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Russ College Plagiarism Guidelines and Examples

  • Take notes when you read. Do not copy complete sentences unless you want to quote the sentence.

  • Wait some time (or a day) after you read the original source text to write your draft.

  • Don't draft your paper with the original source text (or a photocopy) open next to you. Use your notes. Go back to the source later to check something you are unsure of.

You can certainly use other peoples' ideas and words in your writing, as long as you give them appropriate credit. There are established methods of giving credit to your source of ideas and words. This is discussed in the following section.


  • If you use exact words from another source, put quotation marks around them.
    According to Derrisen (2004), "since the flow of liquids in open channels is not subject to any pressure other than the weight of the liquid and atmospheric pressure on the surface, the theoretical analysis can be much simpler."

  • It is not sufficient to use the citation alone if a direct quote is used.
    Incorrect example:
    Since the flow of liquids in open channels is not subject to any pressure other than the weight of the liquid and atmospheric pressure on the surface, the theoretical analysis can be much simpler (Derrisen, 2004).

  • Changing a few words is not sufficient, since copying the ‘writing style’ is also plagiarism. Either use your own words or quote it.
    Incorrect example:
    Liquid flow in open channels is subject to pressure from the weight of the liquid and atmospheric pressure; therefore, the theoretical analysis is much easier (Derrisen, 2004).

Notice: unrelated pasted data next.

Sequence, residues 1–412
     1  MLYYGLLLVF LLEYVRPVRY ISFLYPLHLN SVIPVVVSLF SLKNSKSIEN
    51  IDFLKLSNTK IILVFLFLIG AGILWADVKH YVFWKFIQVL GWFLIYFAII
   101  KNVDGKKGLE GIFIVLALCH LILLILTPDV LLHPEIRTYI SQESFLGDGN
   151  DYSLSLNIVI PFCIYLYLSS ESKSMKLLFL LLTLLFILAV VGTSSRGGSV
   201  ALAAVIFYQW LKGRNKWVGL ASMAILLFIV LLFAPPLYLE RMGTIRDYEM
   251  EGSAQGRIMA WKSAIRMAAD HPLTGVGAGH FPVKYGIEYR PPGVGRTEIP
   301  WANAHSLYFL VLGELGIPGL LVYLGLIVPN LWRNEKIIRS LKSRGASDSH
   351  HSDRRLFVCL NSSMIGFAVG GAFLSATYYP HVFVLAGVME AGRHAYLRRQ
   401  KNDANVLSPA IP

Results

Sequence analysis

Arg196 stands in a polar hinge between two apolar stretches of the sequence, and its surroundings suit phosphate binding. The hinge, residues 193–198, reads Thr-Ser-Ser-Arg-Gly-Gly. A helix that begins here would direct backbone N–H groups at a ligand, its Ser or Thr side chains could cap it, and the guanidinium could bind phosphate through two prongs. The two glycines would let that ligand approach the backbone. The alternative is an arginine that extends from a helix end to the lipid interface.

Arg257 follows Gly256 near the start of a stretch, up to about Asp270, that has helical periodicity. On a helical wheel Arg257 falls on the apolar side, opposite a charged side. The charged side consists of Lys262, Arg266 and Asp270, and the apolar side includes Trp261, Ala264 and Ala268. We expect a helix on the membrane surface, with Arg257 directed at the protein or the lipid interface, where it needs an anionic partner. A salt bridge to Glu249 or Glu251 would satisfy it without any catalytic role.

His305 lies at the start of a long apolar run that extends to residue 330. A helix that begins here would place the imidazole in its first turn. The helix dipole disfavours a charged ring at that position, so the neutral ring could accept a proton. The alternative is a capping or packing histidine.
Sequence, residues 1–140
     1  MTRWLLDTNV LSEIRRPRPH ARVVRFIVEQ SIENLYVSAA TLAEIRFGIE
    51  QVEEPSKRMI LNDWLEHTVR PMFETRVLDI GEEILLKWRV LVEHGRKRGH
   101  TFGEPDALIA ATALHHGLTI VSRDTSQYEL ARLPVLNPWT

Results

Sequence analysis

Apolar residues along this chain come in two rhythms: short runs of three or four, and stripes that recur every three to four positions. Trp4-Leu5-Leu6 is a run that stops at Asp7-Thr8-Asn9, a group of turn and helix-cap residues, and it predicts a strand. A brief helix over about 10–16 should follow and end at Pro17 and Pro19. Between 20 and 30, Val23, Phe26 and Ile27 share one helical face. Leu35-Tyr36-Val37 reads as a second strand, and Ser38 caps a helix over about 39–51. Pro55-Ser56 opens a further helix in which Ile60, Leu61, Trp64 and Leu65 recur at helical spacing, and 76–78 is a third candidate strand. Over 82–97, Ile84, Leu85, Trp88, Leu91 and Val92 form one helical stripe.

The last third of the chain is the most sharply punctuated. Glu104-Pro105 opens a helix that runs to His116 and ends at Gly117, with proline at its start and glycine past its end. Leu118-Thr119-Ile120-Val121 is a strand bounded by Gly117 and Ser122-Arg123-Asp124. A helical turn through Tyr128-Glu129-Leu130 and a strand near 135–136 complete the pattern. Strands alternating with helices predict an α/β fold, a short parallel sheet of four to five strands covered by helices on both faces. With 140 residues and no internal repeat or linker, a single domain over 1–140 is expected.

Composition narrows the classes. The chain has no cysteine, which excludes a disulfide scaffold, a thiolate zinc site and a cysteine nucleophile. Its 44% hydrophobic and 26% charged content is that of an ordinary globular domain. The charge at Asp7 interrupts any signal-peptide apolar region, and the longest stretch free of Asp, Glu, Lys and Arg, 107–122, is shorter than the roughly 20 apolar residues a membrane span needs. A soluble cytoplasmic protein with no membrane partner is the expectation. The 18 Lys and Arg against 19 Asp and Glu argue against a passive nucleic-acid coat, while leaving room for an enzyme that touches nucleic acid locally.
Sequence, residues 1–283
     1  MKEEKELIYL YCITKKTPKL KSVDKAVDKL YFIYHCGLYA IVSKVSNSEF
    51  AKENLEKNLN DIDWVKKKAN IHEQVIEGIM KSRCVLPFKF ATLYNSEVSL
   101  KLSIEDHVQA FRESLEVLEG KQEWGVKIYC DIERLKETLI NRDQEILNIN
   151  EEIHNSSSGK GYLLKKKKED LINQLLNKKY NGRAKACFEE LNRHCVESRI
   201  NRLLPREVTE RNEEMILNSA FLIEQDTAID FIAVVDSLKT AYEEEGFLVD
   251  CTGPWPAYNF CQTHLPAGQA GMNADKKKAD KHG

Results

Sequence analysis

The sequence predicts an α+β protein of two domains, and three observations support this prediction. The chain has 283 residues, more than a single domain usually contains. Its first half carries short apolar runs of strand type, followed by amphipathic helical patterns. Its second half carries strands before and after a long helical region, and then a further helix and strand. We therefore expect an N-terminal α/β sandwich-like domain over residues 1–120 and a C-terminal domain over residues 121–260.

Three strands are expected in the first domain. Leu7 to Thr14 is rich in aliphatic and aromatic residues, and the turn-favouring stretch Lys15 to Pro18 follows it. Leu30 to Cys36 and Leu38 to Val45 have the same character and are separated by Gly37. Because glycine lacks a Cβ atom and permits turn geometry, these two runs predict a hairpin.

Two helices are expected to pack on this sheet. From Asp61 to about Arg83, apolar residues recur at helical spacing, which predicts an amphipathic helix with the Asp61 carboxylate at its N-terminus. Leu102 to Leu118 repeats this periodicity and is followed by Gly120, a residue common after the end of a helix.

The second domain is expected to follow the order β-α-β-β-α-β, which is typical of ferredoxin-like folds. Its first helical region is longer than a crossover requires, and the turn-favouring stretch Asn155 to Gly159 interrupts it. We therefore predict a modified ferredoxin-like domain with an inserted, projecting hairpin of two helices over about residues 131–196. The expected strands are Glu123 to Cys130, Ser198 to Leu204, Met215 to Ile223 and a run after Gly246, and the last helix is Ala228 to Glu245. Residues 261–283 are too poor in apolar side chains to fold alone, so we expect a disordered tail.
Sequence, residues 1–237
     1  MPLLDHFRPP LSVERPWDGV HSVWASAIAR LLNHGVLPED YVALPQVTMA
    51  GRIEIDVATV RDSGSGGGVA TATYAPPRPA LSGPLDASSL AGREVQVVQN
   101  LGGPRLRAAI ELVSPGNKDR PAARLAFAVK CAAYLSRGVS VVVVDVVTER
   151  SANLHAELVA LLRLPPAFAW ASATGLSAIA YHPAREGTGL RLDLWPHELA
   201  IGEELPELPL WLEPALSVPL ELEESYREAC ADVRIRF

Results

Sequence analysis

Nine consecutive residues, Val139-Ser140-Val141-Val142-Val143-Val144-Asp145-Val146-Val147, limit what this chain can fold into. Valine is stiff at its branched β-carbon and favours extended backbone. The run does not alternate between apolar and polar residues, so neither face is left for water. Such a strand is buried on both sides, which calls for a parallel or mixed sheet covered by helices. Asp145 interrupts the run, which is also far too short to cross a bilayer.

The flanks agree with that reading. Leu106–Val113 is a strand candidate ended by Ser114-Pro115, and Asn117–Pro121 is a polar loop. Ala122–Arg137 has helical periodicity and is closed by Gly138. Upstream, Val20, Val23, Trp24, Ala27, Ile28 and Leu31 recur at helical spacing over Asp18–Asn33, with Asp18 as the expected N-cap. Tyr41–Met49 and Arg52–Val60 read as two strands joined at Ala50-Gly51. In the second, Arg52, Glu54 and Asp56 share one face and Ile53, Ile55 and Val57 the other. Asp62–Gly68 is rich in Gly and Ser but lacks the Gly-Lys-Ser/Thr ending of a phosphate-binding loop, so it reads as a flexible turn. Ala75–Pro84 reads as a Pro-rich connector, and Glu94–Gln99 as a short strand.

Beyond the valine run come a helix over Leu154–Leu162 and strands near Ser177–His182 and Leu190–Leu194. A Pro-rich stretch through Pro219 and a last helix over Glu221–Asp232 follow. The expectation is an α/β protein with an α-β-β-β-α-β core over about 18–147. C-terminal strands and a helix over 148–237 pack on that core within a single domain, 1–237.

• Quotes are not necessary if you just use the idea. However, a citation is still required. Warning: it is almost impossible to put a single sentence into your own words. This is why you should read and understand, then write from your notes.
    Acceptable example
    Simple models can be developed for a liquid in open channel flow since it is driven only by atmospheric pressure and weight of the liquid (Derrisen, 2004).

    Note that the last part of the sentence is a fact (not an idea); one can only change the wording of a fact, not the fact itself! When you describe an experiment, the facts (e.g., specifications of a piece of equipment) will be the same for all students, but the word and sentence arrangements will be different.

  • Put the citation where it will best identify which information is derived from which source. Place the citation after a key word or phrase which suggests a citation is needed. If most or all of a paragraph is from one source, put the citation at the end of the topic sentence. Repeat the citation later if necessary to make the source of information clear.
    • In a study of gear mechanics (Brable, 2005) showed that ...
    • Several of these studies [5, 8-11] identified the critical control parameter ... 
    • Heat transfer in regenerators have been modeled by finite difference method (Jurgel, 2001) and by finite element method (Mitchell, 1996, Templeton, 2003) ...

Please note that it is the responsibility of the student to avoid plagiarism in theses and dissertations. Your advisor and thesis committee can help with suggestions, but only if you discuss specific instances of a potential problem. If you are concerned about the quality of your writing, you can take the help of others to proofread your thesis.

Developed by M. K. Alam, V. L. Young, and Ken Sampson
January 12, 2006


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